There is 26-letter English alphabet.

There is the plain text: TRYAGAINLATER. I need to encrypt it by RSA algorithm with the public key 53. What is the ciphertext?

Therefore: M = TRYAGAINLATER, M=19 17 24 0 6 0 8 13 11 0 19 4 17.

Encryption: $c = m^e \pmod n = m^{53} \pmod{26}$

The problem is that $m^{53}$ is huge number. How can I avoid this?


3 Answers 3


$\def\Z{\mathbb Z}$Usual (i.e. real life) RSA works with huge numbers, not with small numbers like 53 and 26. (The numbers there are, for example, 1024-bit numbers for the lowest acceptable security level nowadays.)

But anyway, the core mathematic operation behind RSA is modular exponentiation - you exponentiate not in the ring of integers $\Z$, but in the modular ring $\Z/_{n·\Z}$ (where $n$ is the modulus). You get the same result by exponentiating in $\Z$ and then reducing, or by reducing after each multiplication step ... and the latter avoids the overhead of really huge numbers.

So, you calculate $c = (…((m · m \bmod n) · m \bmod n ) · … · m \bmod n)$, such that each intermediary result is a number smaller than $n$, instead of calculating the huge number $m^e$ directly.

(This is the naive exponentiation, which takes $e$ steps - there are faster algorithms which only need around $\log_2 e$ steps, like square-and-multiply.)

But your example is faulty, too - the public exponent is normally a number smaller than the modulus (which is a part of the public key, too, and actually the more important part).


In addition to the valid points that Paŭlo brings up (and to highlight, you really don't want to use naive exponentiation by multiplying $e-1$ times, but you want a $O(\log e)$ solution such as square-and-multiply), there is another issue with how RSA is used.

You're encrypting the message by splitting up the message into pieces, and performing the RSA encryption on each piece. In practice, we never do this. Instead, to encrypt a message using an RSA public key, we either:

  • Select a random symmetric key (for example, an AES key), and send both the message encrypted with the symmetric key, and also the symmetric key encrypted using RSA and the RSA public key.

  • If the message you want to send is guaranteed to be small enough (that is, after random padding, it will always be smaller than the RSA modulus), we can simply use RSA to encrypt the message.

The first option is by far the most common (as we don't have to worry about the message being too long).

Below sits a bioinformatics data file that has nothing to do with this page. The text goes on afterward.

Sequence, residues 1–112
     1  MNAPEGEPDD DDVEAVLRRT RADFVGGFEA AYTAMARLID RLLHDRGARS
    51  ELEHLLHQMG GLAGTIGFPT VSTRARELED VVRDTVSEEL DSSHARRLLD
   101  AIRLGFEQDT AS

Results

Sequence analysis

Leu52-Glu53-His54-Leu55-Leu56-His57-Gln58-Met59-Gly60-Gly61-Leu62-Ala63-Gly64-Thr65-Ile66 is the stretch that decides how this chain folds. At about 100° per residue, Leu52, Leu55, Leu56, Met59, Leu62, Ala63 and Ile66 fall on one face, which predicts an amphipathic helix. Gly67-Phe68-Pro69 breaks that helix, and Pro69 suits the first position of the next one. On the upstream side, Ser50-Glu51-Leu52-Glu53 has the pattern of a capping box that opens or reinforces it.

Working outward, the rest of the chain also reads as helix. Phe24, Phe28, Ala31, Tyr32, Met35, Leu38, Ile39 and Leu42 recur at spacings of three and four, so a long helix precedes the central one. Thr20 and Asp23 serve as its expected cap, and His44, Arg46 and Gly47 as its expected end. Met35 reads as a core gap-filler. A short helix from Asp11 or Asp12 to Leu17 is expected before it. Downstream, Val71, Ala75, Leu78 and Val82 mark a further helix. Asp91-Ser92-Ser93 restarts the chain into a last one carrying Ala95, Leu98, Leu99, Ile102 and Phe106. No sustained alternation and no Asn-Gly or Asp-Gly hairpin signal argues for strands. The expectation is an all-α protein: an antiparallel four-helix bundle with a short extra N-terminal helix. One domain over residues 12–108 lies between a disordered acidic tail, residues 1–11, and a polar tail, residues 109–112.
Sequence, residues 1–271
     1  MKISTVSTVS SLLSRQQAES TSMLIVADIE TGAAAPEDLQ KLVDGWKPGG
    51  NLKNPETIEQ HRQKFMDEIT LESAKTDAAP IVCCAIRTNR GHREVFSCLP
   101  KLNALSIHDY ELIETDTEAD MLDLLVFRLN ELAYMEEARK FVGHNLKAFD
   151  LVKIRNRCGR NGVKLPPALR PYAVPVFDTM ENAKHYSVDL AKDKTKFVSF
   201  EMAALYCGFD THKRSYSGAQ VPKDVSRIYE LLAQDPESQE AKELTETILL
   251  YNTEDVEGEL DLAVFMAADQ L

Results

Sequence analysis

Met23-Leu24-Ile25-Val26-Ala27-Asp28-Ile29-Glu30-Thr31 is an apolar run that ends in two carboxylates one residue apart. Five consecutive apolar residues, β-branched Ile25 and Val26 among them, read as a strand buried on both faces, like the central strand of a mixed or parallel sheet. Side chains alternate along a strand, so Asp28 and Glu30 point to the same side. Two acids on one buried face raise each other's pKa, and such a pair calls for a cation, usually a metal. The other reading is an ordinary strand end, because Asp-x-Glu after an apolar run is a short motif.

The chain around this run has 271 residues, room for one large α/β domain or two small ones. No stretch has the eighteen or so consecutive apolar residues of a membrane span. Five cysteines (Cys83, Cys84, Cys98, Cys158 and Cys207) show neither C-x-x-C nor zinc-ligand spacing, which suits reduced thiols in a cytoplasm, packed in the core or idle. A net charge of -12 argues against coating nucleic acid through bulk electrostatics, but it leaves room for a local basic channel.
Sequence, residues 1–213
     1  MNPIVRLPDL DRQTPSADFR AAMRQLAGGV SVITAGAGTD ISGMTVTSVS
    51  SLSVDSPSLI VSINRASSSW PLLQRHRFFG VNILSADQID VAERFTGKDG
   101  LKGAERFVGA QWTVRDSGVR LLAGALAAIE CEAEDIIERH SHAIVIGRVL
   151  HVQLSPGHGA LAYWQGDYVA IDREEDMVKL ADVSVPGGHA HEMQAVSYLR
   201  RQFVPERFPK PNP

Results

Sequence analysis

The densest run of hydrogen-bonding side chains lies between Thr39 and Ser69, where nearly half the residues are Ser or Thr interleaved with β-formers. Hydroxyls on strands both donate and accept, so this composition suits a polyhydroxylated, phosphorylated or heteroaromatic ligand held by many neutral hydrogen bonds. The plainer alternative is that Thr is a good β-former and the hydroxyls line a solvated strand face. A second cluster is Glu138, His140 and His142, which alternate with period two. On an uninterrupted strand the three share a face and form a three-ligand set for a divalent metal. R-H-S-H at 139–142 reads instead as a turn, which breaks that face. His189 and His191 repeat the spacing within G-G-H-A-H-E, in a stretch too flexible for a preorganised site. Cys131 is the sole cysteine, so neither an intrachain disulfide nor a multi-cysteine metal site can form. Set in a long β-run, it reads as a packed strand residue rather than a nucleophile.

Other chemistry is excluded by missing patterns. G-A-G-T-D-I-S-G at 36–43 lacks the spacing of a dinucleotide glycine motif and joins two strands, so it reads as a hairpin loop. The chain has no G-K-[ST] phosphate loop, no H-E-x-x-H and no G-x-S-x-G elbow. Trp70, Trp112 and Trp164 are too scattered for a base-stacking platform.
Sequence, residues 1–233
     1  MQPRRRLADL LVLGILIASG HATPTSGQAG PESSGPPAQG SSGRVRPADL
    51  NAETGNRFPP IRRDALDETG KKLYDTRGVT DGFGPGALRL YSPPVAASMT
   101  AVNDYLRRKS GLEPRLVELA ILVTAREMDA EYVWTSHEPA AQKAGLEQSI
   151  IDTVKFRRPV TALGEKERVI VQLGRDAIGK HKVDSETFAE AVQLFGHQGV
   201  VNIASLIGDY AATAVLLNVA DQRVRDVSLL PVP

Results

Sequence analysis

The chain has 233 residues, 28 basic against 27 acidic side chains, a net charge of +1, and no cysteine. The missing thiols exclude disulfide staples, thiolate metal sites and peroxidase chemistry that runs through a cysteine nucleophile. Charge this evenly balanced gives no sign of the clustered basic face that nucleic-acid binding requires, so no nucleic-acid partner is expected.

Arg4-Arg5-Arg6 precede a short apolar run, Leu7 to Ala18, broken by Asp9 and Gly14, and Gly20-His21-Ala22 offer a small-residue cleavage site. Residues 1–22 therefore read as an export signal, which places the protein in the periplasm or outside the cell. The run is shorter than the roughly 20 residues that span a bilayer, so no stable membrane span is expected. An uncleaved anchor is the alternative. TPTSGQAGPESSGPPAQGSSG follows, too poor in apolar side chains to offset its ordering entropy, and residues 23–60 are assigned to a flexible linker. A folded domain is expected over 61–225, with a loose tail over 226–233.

While I'm on the topic of using RSA properly, there's one additional point: to encrypt a message using RSA, you always need to add a random padding. This is for two reasons:

  • RSA has the following homeomorphic property: $E(A) \times E(B) = E(A \times B)$; if you give small integers to the RSA primitive, an attacker can use the above property to deduce the encryption of other values. Padding makes all (or almost all) values to give to RSA large, and hence this property cannot be exploited.

  • If you do RSA (or any public key encryption primitive) determanistically, then an attacker can check to see if an encrypted message corresponds to a specific value $V$ simply by computing $E(V)$ and seeing if he gets the encrypted messsage. By adding nondetermanism (randonmess) to the padding, then the attacker cannot do this; even if he guesses $V$ properly, his $E(V)$ will be different with high probability (because he will likely use different values for the padding bits).


As Paŭlo and Poncho cover, you don't avoid large numbers.

In real life cryptographic implementations (where RSA is concerned) you need a bignum library or bignum implementation even to store numbers of the magnitude required; as you've no doubt noticed, practically handling large numbers with what a programming language usually provides you isn't easy. These libraries take the ideas presented in Knuth's Seminumerical Algorithms and implement them - basically chain together a series of integers. Note there are more algorithms around now than were known then - modern computer arithmetic is a compendium of algorithms for doing "bigint" efficiently. Look in "modular arithmetic and the FFT" then "Modular exponentiation".

In terms of software, GMP is I think the most well known. LibTomMath also deserves a mention. OpenSSL has its own. To a very small degree I've been involved in a couple of efforts you can no doubt find. It's slightly off topic, but a lot of effort goes into optimising this work to the point that it is as fast as possible on a given architecture.

Another point worthy of mention is the space requirement. In GMP, a signed integer is represented by a structure which contains two elements: a pointer to an array of integers, and a signed integer representing the size. That puts the overall cost, assuming 32-bit fields, of representing a 2048-bit prime at $(2048+32+32)/8=264$ bytes, including the size of the pointer. You may lose some space to alignment by your compiler, but the memory-cost is negligible.

  • $\begingroup$ I think the OP wants to avoid numbers much larger than n. And RSA implementations do avoid such numbers, by using a combined mod-pow function, and not first calculating the power and taking the remainder afterwards. $\endgroup$ Jan 26, 2012 at 11:47
  • 1
    $\begingroup$ @CodeInChaos (S)He does - and I'd expect most bignum libraries would provide such exponentiation methods - for example mpz_powm(). It wouldn't be a massively efficient implementation if it didn't :) More generally, bignum libraries usually provide built-in methods for doing many number-theoretic operations because building such algorithms on top of their primitive operations is inefficient and there are usually shortcuts you can take. $\endgroup$
    – user46
    Jan 26, 2012 at 12:10

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